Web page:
Legislation crafted in part by the National Rifle Association and proposed by a local state senator is facing a backlash from some Pennsylvania mayors, including York City's, who say it amounts to another obstacle in the fight against urban gun violence.
If it becomes law, the Senate bill would essentially shut down local governments' efforts to hold gun owners responsible for alerting law-enforcement authorities when their gun is lost or stolen, York City Mayor Kim Bracey said.
"These illegal guns are the root of the shootings and the homicides that we see in the city," Bracey said.
But state Sen. Richard Alloway, R-Franklin County, said his bill -- and a similar one in the state House -- is about strengthening the Second Amendment.
The bill was written to prevent local governments from infringing upon constitutional rights and to prevent a hodgepodge of local gun laws across the state, he said.
Lawsuits: Alloway is promoting the bill as a reinforcement of state preemption laws, which prevent municipalities from passing gun-control laws. If it passes, Alloway's bill would allow gun owners to sue municipalities for damages if they feel their rights have been violated by a local gun law.
Alloway said he worked with the NRA to write the bill.
Alloway said the legislation was not
written specifically to counter lost-and-stolen-gun laws. He said he wasn't sure if such laws would fall under the preemption umbrella, but, he said, "there's many other regulations that they're trying to infringe upon the Second Amendment."
Opponents, however, say the House and Senate bills would also give groups like the NRA special standing to sue municipalities, which might be intimidated into doing nothing about gun violence.
According to Max Nacheman, director of the gun-violence-prevention group CeaseFire PA, Alloway's bill would allow gun-rights groups like the NRA to sue a municipality for passing a law -- before anyone's rights are actually violated, he said.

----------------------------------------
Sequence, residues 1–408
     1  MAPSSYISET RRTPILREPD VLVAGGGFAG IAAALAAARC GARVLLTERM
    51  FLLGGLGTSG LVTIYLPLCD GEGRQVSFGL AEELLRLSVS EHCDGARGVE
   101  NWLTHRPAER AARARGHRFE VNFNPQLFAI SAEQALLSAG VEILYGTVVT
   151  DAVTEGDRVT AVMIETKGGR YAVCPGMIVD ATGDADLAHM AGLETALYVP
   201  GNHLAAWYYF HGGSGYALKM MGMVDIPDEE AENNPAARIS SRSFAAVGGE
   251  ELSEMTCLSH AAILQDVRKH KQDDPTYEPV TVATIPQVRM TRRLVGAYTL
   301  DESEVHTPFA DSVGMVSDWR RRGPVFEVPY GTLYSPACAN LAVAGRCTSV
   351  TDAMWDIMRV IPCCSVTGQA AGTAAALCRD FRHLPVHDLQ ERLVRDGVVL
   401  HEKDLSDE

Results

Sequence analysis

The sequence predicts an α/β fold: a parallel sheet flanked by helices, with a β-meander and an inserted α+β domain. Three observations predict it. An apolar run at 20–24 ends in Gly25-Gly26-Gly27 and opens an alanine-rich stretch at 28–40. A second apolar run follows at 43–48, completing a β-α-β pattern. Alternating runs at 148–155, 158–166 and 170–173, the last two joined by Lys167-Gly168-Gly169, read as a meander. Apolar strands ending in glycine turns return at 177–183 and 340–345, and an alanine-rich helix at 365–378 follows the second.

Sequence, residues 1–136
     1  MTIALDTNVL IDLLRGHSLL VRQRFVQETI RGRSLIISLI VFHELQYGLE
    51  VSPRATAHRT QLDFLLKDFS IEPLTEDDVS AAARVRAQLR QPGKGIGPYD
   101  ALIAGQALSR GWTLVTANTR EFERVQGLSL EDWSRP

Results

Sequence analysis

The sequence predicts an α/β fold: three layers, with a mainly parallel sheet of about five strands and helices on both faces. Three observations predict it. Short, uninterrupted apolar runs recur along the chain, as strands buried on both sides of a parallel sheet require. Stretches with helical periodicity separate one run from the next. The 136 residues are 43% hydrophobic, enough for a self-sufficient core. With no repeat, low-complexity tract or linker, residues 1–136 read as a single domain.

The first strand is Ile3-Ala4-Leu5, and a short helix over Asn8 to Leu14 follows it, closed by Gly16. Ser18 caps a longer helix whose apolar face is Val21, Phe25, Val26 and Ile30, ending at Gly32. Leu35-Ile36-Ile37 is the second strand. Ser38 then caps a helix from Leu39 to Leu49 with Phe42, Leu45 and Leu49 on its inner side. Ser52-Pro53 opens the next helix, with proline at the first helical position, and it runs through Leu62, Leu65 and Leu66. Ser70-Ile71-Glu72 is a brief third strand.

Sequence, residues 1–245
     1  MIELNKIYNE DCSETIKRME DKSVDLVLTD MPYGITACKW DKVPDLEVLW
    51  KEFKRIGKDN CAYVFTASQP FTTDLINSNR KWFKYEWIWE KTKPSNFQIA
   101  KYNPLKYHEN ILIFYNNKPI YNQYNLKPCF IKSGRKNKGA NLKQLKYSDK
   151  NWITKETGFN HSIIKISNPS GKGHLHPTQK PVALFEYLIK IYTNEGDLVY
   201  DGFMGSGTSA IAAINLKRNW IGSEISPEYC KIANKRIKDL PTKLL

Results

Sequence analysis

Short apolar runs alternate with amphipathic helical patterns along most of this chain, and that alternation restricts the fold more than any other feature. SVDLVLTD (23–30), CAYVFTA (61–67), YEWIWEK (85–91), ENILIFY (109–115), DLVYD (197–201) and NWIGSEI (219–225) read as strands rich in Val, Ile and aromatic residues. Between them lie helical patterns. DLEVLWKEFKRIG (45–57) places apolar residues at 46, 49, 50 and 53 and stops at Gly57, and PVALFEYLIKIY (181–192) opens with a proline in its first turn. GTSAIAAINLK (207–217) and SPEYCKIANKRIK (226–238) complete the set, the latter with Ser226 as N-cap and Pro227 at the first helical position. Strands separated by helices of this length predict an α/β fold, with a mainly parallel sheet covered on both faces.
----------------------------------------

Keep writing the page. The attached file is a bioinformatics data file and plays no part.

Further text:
"I wonder what Sen. Alloway would say if the Sierra Club could suddenly sue Exxon Mobil," Nacheman said.
The bills "are so far ranging that they cut the legs out from the cities to do virtually anything" about gun violence, he said.
Opposition: Last month, mayors or surrogates from Pittsburgh, Philadelphia, Allentown and Lancaster protested the bill at a news conference in Harrisburg. Bracey did not attend but said she agrees with the bills' opponents.
York City is one of 18 municipalities across the state that have passed resolutions asking the state Legislature to address the lost-and-stolen-gun issue, Nacheman said. Another 30 municipalities have passed laws requiring gun owners to alert authorities when their gun goes missing.
"Our Legislature, instead of listening to the cities ... is listening to the NRA," Nacheman said.
As the representative of the 33rd Senate District, Alloway serves part of York County including Dover Borough and Dover, Paradise and Heidelberg townships. His district also includes parts of Franklin and Adams counties.
Alloway said he understands the problem of rampant gun violence in urban areas.
"I'm not tone deaf to that," he said. "I understand what their problems are. I just think that I disagree with the way they're trying to solve that problem."
-- Reach Erin James at 505-5439 or firstname.lastname@example.org or on Twitter @ydcity.